Response to discussion post- Organizational Policies and Practices to Support Healthcare Issues

Response to discussion post

 

 

Competition in the economy has always been known to benefit consumers. Competition can lead to lower costs in the battle to win consumers; however, there is no limit on prices when there is no competition. The Health care market is no different. Strong research evidence demonstrates that competition leads to lower prices in hospital markets. The opposite is also true. Hospitals that face less competition charge substantially higher prices (regardless of whether they are not-for-profit) (Gaynor, 2014). The federal government strongly affects the health care market, specifically the Centers for Medicare and Medicaid Services (CMS). CMS should focus more on a payment method that rewards better quality care while improving patient outcomes. Overall, 86 percent of total health, and hospital spending ($260 billion) was funded by state and local governments in 2018. The remaining 14 percent ($41 billion) was funded by federal grants to state and local governments (Urban Institute, n.d.). With the government involved in that much of health care and policy greatly depending on the government, it is no wonder that competing healthcare needs are often unable to be adequately managed. 

Competing needs impacting mandatory COVID-19 vaccinations

The problem of staffing is the major competing need that will be continually affected by mandatory COVID-19 vaccinations for health care members. More specifically, the exacerbation of the healthcare worker shortage that already exists. American Hospital Association President and CEO Rick Pollack issued a statement reiterating support of hospitals implementing vaccine mandates but expressing concerns about what the federal approach could mean for facilities already grappling with staffing strain (Gooch, 2021). Pollack goes on to say, “As a practical matter, this policy may result in exacerbating the severe workforce shortage problems that currently exist. Consequently, given the critical challenges that we are facing in maintaining the resiliency of our workforce and dealing with severe shortages, which the American Nurses Association has called a national crisis, we call on the administration to work with us as partners in developing aggressive and creative strategies to address this matter to ensure that hospitals and health systems on the front lines of fighting the battle against COVID-19 have the necessary human resources to both win this battle and maintain essential health services for the patients and communities we serve.” (Gooch, 2021). It is refreshing to see that Pollack recognizes that the other resources do not matter without human resources. When it comes down to it, any health care organization must be adequately staffed to provide services. Therefore, I’m sure there must be an alternative option other than mandatory COVID-19 vaccinations. However, since the government is so embedded in this issue, alternative options will likely never see the light of day.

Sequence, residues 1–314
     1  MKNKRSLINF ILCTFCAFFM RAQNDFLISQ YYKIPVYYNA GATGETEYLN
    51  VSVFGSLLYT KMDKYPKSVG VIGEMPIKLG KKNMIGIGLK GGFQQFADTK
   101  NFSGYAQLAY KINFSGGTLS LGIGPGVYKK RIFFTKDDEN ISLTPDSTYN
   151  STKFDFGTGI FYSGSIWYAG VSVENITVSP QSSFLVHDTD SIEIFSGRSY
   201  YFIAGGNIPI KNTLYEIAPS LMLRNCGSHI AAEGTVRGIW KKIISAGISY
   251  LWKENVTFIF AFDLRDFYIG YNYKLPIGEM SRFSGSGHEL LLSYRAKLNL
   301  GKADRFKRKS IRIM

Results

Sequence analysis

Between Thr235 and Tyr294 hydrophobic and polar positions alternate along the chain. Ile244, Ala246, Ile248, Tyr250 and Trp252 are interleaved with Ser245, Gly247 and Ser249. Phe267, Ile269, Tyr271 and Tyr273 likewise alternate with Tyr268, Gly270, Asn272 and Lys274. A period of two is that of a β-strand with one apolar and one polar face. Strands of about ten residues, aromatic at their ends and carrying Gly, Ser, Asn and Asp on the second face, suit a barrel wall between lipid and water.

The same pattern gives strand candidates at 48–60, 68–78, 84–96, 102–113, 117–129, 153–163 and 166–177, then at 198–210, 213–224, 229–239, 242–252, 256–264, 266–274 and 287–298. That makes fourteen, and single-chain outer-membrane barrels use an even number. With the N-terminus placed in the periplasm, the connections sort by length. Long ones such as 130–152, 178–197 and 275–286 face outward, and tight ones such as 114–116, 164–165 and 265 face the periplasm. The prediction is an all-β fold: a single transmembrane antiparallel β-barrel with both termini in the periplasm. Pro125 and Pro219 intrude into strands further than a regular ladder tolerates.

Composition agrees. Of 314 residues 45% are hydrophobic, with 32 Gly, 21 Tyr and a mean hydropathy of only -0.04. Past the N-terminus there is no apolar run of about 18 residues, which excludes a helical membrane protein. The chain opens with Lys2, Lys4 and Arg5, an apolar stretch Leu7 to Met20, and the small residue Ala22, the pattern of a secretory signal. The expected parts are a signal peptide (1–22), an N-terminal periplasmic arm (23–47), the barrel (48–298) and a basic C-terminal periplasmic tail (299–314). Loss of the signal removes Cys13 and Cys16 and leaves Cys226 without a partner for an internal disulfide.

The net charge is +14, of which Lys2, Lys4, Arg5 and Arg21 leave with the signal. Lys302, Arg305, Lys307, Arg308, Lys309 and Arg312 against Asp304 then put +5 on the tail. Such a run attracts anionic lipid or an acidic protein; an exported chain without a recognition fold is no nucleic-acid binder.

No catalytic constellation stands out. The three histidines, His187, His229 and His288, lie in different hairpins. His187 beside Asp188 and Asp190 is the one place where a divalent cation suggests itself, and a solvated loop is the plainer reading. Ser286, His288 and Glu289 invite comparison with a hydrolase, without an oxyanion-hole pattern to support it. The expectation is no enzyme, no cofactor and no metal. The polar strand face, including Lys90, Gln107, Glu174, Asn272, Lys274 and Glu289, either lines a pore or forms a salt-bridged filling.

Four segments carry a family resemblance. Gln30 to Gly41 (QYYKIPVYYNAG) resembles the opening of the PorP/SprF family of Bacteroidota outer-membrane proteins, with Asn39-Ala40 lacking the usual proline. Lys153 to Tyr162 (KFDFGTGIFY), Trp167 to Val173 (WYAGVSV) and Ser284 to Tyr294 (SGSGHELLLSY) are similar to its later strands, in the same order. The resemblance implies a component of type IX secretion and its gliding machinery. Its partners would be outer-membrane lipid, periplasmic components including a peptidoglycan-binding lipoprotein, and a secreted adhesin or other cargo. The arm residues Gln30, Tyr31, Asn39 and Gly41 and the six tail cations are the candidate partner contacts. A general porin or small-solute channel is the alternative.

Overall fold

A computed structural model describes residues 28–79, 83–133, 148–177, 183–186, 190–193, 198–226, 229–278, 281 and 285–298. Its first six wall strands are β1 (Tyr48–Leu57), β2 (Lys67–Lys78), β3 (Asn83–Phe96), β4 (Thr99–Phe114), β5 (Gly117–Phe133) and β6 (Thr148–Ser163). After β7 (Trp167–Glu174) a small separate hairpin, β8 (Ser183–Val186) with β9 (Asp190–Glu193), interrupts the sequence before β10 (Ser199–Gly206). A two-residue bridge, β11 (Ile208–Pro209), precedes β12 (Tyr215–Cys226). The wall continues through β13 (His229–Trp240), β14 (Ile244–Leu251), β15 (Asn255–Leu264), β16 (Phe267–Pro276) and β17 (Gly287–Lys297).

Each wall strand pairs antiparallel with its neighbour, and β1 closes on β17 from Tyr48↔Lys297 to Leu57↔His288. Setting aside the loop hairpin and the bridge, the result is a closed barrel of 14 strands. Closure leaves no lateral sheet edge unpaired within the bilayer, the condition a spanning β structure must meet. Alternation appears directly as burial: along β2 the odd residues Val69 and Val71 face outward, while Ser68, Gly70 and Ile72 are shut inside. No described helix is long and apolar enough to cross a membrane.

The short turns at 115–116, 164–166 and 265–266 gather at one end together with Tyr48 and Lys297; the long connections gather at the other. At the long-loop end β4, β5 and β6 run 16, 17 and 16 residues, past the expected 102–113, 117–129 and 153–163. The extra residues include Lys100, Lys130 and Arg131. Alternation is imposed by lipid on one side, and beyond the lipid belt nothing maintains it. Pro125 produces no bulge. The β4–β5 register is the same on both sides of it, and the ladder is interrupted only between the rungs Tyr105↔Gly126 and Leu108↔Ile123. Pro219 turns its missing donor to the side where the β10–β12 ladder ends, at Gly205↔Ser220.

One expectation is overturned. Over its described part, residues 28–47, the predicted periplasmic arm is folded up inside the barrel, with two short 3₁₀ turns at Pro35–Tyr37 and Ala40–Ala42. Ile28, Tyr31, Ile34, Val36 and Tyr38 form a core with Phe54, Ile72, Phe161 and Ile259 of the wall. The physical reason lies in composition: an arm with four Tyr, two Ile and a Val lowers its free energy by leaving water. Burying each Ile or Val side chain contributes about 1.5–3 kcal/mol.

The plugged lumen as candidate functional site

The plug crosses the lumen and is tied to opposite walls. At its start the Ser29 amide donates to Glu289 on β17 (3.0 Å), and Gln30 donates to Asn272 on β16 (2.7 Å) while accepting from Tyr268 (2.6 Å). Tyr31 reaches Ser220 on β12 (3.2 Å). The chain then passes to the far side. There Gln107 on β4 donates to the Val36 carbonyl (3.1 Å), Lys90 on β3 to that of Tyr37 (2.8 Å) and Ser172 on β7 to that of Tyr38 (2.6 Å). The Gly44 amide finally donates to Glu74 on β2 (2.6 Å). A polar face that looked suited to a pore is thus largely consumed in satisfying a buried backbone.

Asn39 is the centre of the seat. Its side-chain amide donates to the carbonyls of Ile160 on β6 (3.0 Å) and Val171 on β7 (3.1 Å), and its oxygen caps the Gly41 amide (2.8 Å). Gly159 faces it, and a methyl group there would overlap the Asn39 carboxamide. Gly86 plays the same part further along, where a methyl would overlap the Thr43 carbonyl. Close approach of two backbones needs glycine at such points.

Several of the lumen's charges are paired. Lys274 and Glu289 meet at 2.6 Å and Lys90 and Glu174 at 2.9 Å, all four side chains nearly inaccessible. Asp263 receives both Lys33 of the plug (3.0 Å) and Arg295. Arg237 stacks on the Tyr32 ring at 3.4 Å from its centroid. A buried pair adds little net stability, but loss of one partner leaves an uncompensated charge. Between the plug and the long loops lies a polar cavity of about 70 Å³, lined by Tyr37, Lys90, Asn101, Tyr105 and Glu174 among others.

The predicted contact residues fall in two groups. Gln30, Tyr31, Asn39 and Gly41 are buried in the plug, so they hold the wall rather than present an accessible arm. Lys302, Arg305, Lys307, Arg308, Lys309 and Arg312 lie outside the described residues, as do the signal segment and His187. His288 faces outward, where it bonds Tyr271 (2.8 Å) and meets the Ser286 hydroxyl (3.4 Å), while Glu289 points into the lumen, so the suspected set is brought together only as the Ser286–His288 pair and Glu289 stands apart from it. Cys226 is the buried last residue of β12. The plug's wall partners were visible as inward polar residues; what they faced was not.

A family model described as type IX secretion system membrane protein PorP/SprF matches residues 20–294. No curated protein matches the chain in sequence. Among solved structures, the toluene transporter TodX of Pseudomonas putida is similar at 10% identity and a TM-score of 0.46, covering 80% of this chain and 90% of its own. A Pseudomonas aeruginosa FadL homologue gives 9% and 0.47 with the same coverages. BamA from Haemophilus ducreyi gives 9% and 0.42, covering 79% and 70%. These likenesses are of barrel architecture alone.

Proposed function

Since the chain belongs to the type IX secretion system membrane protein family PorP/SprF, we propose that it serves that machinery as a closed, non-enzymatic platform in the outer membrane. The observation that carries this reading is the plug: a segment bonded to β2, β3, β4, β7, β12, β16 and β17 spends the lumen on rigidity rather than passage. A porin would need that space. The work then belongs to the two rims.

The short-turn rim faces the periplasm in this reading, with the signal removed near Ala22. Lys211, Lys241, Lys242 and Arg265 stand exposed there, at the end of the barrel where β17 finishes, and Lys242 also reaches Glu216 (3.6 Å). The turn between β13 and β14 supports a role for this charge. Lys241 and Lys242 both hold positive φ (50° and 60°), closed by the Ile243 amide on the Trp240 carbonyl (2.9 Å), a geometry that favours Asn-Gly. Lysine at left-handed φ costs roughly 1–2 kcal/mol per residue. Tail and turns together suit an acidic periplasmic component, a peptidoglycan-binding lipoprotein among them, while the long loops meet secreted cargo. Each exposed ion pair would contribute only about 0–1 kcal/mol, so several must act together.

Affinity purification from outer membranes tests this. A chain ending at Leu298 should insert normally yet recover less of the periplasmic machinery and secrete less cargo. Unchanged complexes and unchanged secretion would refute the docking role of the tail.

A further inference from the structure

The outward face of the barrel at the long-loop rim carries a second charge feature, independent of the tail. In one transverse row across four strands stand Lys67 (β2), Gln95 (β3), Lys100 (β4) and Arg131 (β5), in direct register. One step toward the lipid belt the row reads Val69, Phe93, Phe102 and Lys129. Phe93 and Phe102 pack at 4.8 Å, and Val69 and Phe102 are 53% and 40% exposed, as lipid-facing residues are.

References 

Gaynor, M. (2014, June). Competition policy in health care markets: Navigating the enforcement and policy maze. Health Affairs,  33(6), 1088-1093.  

https://doi.org/10.1377/hlthaff.2014.0333 

 

Gooch, K. (2021, September 13). Vaccine mandates have hospitals concerned about staffing. https://www.beckershospitalreview.com/workforce/vaccine-mandates-spur-staffing-worries-at-hospitals.html 

 

Urban Institute. (n.d.). State and local finance initiative. https://www.urban.org/policy-centers/cross-center-initiatives/state-and-local-finance-initi

ative/state-and-local-backgrounders/health-and-hospital-expenditures

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